Saturday, November 18, 2006

NSW Ten Year Plan and New England - Conclusions

This is the last of my immediate posts on the implications of the NSW Government's Ten Year Plan for New England.

The two immediate posts took a huge amount of time to prepare. The date on the posts is the date I started writing each one. In fact, between them they took the best part of two full days to complete.

For reasons I will explain in a moment, I have come to a very negative conclusion. I may be wrong here and as much as possible I have tried to make my arguments transparent. I welcome corrections and discussions.

Good planning starts with an understanding of the needs to be met. For that reason, my first post looked at New England's needs. As a single person, even a well informed one, I cannot pretend to understand every need across New England. Still, as best I could, I tried to work out and present at least some of the key needs.

The second post looks at the detail of the Plan against identified needs. The Plan is a long document with considerable detail. I may well have got things wrong. Again, I am happy to be corrected on errors.

As I see it, the gap between the Plan and New England's needs is huge.

For reasons outlined in the first post, New England needs economic development. This is, I think, the weakest area of the Plan in a general sense. There is nothing in the Plan that will help New England meet its development needs.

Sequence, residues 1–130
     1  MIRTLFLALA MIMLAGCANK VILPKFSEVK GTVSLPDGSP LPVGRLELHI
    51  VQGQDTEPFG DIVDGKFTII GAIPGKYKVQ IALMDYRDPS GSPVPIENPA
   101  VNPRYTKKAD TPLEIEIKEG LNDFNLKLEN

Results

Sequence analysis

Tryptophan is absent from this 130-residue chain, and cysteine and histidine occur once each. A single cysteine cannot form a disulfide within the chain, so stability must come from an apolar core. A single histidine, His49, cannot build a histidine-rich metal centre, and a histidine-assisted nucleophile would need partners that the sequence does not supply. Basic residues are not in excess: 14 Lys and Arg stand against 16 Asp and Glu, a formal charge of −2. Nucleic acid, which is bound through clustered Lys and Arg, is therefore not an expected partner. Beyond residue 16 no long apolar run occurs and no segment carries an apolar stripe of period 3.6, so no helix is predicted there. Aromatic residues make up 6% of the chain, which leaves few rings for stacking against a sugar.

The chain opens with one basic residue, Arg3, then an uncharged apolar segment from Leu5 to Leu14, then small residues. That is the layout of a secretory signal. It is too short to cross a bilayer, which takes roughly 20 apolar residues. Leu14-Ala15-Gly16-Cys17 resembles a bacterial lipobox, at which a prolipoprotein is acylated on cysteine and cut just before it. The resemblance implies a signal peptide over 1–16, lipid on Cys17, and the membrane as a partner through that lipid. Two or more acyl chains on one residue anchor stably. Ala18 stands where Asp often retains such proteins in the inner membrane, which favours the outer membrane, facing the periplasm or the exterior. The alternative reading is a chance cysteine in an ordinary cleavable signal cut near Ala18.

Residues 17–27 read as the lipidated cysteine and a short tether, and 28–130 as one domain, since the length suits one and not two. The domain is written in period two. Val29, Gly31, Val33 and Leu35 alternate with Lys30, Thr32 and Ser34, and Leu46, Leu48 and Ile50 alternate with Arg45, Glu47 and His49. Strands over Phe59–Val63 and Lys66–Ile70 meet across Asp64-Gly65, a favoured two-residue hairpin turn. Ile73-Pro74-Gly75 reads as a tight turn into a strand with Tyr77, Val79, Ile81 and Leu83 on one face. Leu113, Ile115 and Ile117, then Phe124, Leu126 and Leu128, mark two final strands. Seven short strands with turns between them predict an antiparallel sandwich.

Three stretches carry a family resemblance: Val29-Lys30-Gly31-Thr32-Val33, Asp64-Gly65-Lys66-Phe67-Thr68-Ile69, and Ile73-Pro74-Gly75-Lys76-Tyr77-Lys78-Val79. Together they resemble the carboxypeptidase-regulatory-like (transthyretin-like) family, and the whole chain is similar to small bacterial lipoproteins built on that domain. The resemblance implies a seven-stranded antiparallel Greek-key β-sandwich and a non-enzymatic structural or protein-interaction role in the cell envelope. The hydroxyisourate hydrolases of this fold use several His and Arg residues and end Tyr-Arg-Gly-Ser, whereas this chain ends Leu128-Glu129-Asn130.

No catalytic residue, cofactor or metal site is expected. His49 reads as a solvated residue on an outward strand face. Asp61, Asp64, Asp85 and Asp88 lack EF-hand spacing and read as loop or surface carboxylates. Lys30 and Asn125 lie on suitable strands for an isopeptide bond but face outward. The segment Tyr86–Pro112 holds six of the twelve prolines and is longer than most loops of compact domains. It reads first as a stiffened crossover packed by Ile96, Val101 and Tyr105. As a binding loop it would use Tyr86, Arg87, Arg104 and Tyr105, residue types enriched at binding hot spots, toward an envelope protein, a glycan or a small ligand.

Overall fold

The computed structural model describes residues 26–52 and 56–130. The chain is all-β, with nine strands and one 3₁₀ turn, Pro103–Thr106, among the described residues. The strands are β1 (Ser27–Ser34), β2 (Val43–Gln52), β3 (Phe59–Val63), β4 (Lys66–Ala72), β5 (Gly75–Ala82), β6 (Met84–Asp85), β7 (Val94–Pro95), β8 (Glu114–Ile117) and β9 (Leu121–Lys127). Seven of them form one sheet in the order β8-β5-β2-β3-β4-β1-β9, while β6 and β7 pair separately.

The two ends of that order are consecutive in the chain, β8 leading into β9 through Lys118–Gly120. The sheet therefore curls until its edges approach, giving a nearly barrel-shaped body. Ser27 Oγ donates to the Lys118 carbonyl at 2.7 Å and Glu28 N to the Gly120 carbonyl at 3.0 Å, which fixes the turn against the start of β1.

New England also faces an aging population. Here our problem is much greater than that facing Sydney. While there are activities within the Plan that relate to aging, they are spread across priority areas and are not integrated in any way. In fact, the Plan does not regard aging as a key issue at all.

Perhaps not unexpectedly, the Plan does not address the issue of integration and coordination within New England.

This is important across a range of areas. In technical education, for example, the limited population and economic base in each locality or small sub-regional area limits what can be done. However, this problem can be addressed in part through cooperation and resource sharing.

Beyond these examples, my simple analysis identified a number of other priority areas that are either not addressed or addressed imperfectly in the Plan.

A core problem is that Sydney and New England are in fundamental and uneven economic competition. New England needs to attract people and investment from Sydney or that might otherwise have gone to Sydney.

Take tourism as an example. To really increase visitor traffic and spend, New England has to develop itself as a destination in its own right. This is very hard when the place is treated as a series of disconnected localities and regions.

My ability to influence things through this blog is obviously limited. But what I can do is to continue to try to present the broader New England, to use my analytical skills to look at things in new ways.

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